(It seems like I ask too many basic questions, but Scala is very difficult, especially when it comes to the language feature or syntactic sugar, and I come from a Java background..)

I am watching this video: Scalaz State Monad on YouTube. The lecturer wrote these code:

trait State[S, +A] {
  def run(initial: S):(S, A)
  def map[B](f: A=>B): State[S, B] =
    State { s =>
      val (s1, a) = run(s)
      (s1, f(a))

He said the State on the forth line is a "lambda" expression (I may have misheard). I'm a bit confused about this. He did have an object State, which looks like this:

Object State {
  def apply[S, A](f: S=>(S, A)): State[S, A] =
    new State[S, A] {
      def run(i: S) = f(i)

The lecturer said he was invoking the apply method of Object State by invoking like that, and yes he did pass in a function that returns a correct tuple, but what is that { s=>? Where the hell did he get the s and is this about the implicit mechanism in Scala?

Also the function that is passed in map function changes A to B already, how can it still pass the generics check (from [S, A] to [S, B] assuming A and B are two different types, or are they the same type?If true, why use B not A in map function?)?

The video link is here and is set to be at 18:17 http://youtu.be/Jg3Uv_YWJqI?t=18m17s

Thank you (Monad is a bit daunting to anyone that's not so familiar with functional programming)

  • The { s=>...} is a lambda expression in Scala. – pedrofurla Jan 11 '14 at 7:07
  • Granted it is confusing at first, then simple. I don't understand the question about the generics check. – som-snytt Jan 11 '14 at 7:22
  • @som-snytt I edited that part..it seems like I'm not very knowledge with generics.. – windweller Jan 11 '14 at 7:30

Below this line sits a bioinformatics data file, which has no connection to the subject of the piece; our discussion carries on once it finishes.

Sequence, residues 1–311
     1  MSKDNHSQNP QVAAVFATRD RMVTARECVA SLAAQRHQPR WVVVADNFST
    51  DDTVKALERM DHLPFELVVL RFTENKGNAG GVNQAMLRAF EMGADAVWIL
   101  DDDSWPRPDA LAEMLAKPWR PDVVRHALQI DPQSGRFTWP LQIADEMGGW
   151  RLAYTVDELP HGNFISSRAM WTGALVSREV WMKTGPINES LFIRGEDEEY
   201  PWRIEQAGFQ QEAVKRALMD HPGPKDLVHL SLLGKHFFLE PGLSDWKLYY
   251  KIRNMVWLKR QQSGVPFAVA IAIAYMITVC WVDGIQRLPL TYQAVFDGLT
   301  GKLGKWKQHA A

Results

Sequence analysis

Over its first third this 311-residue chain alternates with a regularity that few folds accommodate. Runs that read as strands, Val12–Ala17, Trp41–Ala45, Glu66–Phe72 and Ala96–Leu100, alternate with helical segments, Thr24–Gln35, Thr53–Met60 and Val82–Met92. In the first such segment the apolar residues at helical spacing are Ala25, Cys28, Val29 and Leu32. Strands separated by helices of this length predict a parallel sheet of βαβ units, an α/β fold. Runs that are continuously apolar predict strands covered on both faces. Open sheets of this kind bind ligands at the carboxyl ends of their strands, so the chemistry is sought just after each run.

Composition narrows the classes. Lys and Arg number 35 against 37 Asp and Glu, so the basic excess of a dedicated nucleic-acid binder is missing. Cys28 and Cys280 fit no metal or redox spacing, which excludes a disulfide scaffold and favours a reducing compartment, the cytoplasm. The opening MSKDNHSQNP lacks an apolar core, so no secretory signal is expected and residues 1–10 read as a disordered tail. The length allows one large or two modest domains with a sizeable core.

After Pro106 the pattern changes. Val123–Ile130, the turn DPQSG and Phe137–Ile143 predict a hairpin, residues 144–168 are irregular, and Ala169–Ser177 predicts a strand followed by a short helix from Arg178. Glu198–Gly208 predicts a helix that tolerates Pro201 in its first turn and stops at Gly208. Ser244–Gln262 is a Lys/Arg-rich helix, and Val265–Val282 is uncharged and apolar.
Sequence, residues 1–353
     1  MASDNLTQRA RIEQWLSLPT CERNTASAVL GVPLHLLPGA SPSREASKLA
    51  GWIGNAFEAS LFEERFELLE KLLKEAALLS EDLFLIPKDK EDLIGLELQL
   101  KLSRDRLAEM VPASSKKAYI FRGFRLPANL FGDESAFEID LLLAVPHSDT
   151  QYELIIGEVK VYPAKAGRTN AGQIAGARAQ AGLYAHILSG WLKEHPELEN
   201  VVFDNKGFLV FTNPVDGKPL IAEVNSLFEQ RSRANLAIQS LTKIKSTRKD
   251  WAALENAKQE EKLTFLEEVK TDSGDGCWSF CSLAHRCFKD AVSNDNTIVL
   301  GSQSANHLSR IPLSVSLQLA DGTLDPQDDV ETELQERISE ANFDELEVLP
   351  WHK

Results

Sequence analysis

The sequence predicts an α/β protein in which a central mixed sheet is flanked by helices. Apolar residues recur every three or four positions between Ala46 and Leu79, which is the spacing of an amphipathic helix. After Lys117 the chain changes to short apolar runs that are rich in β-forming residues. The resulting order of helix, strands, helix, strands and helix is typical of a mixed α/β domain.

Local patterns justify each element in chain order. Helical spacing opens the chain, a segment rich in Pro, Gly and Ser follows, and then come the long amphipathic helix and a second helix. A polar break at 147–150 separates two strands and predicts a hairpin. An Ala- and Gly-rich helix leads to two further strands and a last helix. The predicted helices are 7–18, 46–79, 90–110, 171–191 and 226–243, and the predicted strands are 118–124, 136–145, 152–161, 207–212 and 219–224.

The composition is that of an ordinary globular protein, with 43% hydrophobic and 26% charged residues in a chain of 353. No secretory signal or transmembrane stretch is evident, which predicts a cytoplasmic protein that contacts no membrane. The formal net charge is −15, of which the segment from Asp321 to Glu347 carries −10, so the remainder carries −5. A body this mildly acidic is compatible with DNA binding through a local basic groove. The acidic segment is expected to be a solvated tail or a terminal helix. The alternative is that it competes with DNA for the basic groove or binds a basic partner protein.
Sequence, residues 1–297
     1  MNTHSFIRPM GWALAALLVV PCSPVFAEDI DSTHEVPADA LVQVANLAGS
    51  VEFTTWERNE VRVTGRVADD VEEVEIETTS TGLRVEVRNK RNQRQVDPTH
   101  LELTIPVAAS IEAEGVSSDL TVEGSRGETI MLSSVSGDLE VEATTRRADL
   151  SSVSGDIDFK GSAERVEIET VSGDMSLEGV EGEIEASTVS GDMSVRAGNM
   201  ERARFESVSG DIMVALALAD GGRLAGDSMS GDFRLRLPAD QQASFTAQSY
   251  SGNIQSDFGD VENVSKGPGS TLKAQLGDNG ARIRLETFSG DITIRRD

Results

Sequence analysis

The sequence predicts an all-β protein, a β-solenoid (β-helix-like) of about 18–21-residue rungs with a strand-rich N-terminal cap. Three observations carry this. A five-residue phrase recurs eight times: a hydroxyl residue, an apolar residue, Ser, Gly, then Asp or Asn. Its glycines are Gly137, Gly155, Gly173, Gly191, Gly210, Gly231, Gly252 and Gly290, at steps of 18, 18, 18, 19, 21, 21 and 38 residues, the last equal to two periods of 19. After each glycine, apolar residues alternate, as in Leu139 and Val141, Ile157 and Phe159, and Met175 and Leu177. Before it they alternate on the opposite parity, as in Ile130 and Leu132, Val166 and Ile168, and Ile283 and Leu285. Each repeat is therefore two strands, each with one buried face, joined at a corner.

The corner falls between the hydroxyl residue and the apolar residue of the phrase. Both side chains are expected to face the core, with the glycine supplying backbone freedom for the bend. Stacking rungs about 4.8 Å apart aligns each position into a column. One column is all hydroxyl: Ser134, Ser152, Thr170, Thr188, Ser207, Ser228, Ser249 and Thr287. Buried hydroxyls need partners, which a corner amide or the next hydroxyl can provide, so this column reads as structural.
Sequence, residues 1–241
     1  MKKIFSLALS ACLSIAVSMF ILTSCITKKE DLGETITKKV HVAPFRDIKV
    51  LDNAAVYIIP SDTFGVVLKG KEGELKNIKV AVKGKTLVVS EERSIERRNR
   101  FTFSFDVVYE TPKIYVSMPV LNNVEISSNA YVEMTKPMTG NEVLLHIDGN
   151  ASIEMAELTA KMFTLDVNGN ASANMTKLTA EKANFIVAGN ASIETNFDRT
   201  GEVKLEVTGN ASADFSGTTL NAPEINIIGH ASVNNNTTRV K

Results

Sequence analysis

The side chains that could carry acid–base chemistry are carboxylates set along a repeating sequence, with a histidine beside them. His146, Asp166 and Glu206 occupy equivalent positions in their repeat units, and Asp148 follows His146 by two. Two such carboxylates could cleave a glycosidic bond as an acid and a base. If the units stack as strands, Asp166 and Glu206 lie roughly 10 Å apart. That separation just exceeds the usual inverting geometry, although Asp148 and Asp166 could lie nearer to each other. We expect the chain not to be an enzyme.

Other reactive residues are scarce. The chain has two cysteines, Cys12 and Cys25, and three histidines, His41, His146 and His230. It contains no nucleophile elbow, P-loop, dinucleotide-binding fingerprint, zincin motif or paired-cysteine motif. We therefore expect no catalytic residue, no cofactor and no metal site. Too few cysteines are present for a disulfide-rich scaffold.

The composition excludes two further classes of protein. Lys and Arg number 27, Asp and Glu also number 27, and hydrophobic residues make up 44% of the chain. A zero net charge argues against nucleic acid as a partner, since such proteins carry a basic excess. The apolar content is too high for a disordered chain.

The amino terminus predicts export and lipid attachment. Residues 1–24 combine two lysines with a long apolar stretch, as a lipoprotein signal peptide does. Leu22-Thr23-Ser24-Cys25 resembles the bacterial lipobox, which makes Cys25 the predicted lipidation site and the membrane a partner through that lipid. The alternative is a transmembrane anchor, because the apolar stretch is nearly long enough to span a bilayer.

• I respectfully suggest that you are finding Scala very difficult partly because you are looking at things that you are not ready to look at. Because Scala is so much more powerful than Java, you will find some pretty esoteric stuff out there, but that doesn't mean you need to know category theory to do in Scala the kinds of things you know how to do in Java. You would probably do best to set scalaz aside for at least six months, maybe a year. By then these little details will give you no trouble, and you will be ready to investigate scalaz and other packages far beyond Java's reach. – AmigoNico Jan 12 '14 at 8:45
  • @AmigoNico You might be right. The entire Monad and other functional programming patterns seem bizarre. I'll try to understand them again later on. Thanks :) – windweller Jan 12 '14 at 9:26

You are on right way here.

He passes the function as parameter, but what is the function in general? Function takes argument and return a value. Returned value here is tuple (s1, f(a)), but also we need to reffer to function argument. s in your example is function argument.

It is same as

def map[B](f: A=>B): State[S, B] = {
    def buildState(s: S) = {
      val (s1, a) = run(s)
      (s1, f(a))         

But, since we dont need this function anywhere else we just inline it in apply call.

  • Emmm..then how does the program find this s? The only thing being passed in map is a function.. – windweller Jan 11 '14 at 7:28
  • @WindDweller, check usage of apply method of State object. You call apply and passes function. apply creates instance of State trait with run method calling passed function. In short it returns new State object which call you function when you call run on it. Hope you got it :) – 1esha Jan 11 '14 at 7:45

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